Amateurs sit and wait for inspiration; the rest of us just get up and go to work.
Not surprisingly, I’m friends and acquainted with a lot of writers and people who want to be writers. And, inevitably, I hear the woes and hardships of being a writer, often described and justified as “writer life.” Those gripes usually go something like this:
- “I can’t get a job as a writer.”
- “I can’t make a living.”
- “I have writer’s block.”
As a working writer, I lack compassion when it comes to the complaints. It’s as though society created this romantic myth of the suffering writer, and writers have bought into it. I call complete bullshit on that.
Being homeless, poor, unable to tap into creativity, misunderstood, underpaid, and under appreciated is NOT writer life. It is the life of someone trying to be successful at being a writer.
I’m an actual writer, not someone trying to be one, not someone who fantasizes about it. I’m actually doing it. Who better to bust the myths and reveal to you what it’s really like to be a working writer? Here’s the truth about writer life.
Writing is an actual job.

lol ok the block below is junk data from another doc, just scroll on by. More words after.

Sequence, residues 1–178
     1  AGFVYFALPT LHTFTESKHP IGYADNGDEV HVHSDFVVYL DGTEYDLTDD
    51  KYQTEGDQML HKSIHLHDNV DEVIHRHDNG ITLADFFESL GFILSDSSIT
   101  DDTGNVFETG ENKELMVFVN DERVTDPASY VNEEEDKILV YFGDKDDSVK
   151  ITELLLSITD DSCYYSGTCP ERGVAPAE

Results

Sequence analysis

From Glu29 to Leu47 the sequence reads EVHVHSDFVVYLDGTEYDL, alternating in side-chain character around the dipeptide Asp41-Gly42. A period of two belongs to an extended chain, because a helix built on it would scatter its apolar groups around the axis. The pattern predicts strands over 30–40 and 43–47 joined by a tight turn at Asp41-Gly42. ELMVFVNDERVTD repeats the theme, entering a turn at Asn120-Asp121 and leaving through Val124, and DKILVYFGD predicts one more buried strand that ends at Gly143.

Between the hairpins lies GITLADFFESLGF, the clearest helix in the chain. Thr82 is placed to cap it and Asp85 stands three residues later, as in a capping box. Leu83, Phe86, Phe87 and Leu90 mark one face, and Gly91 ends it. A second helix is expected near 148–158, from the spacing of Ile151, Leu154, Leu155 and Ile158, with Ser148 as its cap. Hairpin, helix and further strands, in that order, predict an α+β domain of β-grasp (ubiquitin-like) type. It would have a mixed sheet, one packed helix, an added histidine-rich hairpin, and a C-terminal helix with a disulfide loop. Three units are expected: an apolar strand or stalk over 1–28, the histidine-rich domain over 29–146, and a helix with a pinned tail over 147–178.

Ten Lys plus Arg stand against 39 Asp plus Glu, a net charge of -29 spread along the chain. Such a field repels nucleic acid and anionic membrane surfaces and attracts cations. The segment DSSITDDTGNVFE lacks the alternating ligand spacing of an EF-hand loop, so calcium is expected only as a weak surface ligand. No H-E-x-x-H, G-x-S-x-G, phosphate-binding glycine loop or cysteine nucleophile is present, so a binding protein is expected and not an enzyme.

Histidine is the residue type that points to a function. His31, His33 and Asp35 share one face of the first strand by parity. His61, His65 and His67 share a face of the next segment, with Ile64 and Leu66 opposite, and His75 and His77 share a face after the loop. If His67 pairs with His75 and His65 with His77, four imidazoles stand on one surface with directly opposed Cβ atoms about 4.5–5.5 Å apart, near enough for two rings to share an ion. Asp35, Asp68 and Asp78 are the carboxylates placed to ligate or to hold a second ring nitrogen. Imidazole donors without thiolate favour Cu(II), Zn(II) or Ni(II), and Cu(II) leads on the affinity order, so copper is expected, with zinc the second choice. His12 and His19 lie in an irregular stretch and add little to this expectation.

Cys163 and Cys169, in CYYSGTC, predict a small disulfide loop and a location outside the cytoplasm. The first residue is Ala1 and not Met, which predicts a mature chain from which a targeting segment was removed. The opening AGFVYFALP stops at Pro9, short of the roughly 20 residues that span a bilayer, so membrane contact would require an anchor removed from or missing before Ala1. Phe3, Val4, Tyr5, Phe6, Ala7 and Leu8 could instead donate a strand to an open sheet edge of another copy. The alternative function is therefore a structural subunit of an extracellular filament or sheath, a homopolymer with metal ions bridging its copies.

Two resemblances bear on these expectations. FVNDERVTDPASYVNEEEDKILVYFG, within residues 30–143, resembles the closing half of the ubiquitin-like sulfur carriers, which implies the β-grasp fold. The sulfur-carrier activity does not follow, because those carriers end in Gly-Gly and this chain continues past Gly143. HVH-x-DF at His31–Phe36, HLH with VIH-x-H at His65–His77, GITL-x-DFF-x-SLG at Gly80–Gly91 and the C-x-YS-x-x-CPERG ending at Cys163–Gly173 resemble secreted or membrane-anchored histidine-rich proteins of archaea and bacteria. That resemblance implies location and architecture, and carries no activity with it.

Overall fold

Yes, it’s a real job. Most people don’t believe that. It’s as though you have to have a couple of book titles under your belt before the average person accepts that your career is writing. I had been making my living as a writer for years and years, but it wasn’t until I was earning bylines in the L.A. Times travel supplement that my own parents finally realized that their youngest daughter was a real writer.
Being a working writer comes in a variety of forms, from copywriting, to journalism, to ghost writing. There are a plethora of options out there for you to make writing your job, but that’s one thing to consider. See, writing is a job with responsibilities, deadlines, and people counting on you. Often, creative thinkers who are turned off by the conventional job market assume that working as a writer allows for flakiness. It does not. I can assure you, when you work as a writer, writer’s block is a luxury you’re not allowed. Amateurs can have writer’s block. The rest of us work because it’s expected of us. (You never hear of an airline pilot complain of pilot’s block, do you? Hopefully, that will never happen!)